The European Commission this morning unveiled new strategies for energy system integration and hydrogen that are designed to be key investment pillars of Europe’s Green Deal and also its post-Covid19 recovery.
They were launched by Energy Commissioner Kadri Simson and Executive Vice-President for the Green Deal, Frans Timmermans, who said that he believed both strategies were “crucial for our Green Deal”.
“They are ambitious, they are necessary… and they put us firmly on a path towards climate neutrality.”
He added they would also allow to EU to “retain global leadership in clean tech” and put climate action at the heart of Europe’s economic recovery from the coronavirus pandemic.
“The Green Deal remains our compass throughout this recovery,” he stressed.
Timmermans said both strategies were crucial for the Green Deal
And he added that the two new strategies were vital if the Europe had any realistic hope of hitting its target of being climate neutral by 2050.
Timmermans said the Energy System Integration Strategy is designed to provide the framework for a green energy transition and “break the silos” of the existing energy model, which he said allowed the energy consumption of transport, industry, gas and buildings to each have separate value chains, rules, infrastructure, planning and operations. He said this model was becoming “a relic of the past.”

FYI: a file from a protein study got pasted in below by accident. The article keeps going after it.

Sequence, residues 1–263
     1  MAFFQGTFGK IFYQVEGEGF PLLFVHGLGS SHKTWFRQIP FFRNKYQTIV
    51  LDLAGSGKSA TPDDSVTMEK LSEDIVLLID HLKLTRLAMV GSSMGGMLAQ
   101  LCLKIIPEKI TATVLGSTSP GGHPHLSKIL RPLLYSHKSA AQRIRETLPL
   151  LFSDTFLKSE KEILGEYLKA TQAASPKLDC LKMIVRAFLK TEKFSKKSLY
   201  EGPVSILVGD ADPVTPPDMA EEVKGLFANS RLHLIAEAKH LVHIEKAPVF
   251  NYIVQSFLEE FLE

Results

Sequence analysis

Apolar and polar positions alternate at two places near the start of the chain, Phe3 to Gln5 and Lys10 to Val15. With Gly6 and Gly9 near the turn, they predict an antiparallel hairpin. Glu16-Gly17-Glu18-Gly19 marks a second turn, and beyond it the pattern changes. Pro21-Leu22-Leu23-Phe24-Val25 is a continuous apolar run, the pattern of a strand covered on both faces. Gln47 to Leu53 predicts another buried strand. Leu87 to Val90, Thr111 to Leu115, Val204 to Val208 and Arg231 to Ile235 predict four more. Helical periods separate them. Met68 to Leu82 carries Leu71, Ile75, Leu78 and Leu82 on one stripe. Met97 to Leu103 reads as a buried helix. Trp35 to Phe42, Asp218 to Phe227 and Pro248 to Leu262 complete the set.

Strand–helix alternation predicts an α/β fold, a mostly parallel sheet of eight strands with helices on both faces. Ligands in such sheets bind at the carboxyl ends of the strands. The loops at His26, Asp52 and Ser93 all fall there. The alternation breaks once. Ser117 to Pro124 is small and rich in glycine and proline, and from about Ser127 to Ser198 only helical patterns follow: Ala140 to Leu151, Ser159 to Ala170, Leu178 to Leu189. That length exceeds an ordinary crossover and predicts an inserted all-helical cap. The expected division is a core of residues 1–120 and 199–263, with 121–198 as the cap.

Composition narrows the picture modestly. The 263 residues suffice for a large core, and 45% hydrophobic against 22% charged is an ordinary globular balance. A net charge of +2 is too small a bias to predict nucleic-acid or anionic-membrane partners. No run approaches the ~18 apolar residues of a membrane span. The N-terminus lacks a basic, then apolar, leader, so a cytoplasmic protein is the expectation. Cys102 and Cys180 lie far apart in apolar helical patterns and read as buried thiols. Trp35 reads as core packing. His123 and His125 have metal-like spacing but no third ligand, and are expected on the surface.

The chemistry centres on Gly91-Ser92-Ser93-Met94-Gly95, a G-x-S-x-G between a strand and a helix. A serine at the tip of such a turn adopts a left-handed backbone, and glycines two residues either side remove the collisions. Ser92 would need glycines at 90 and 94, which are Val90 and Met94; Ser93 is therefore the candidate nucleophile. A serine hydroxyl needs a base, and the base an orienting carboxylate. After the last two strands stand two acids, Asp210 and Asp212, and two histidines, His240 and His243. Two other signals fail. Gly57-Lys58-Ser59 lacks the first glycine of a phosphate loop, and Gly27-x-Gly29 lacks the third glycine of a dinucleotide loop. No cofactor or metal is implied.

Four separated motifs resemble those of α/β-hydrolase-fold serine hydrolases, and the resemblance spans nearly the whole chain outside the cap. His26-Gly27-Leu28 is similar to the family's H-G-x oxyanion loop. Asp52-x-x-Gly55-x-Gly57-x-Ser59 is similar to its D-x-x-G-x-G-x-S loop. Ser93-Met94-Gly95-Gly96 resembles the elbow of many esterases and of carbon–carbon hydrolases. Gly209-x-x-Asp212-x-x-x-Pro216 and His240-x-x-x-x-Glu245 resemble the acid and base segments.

“Energy system integration means that the system is planned and operated as a whole, linking different energy carriers, infrastructures, and consumption sectors. This connected and flexible system will be more efficient, and reduce costs for society.”
There are three main pillars to the integration strategy. The first is a more circular energy system that puts energy efficiency at its core. The EU states that there is “significant potential in the reuse of waste heat from industrial sites, data centres, or other sources, and energy produced from bio-waste or in wastewater treatment plants”.
The second pillar is greater direct electrification of end-use sectors, while the third, for those sectors where electrification is difficult, is the promotion of clean fuels such as renewable hydrogen and sustainable biofuels and biogas.
Hence, the Hydrogen Strategy, which is designed to spotlight how – with the right investments, regulation, market creation and research and innovation – hydrogen can help decarbonise industry, transport, power generation and buildings across Europe.
And the strategy is certainly ambitious: between now and 2024 it intends to support the installation of at least 6 GW of clean hydrogen electrolyzers in the EU, and the production of up to one million tonnes of renewable hydrogen.
This article was originally posted at Power Engineering International.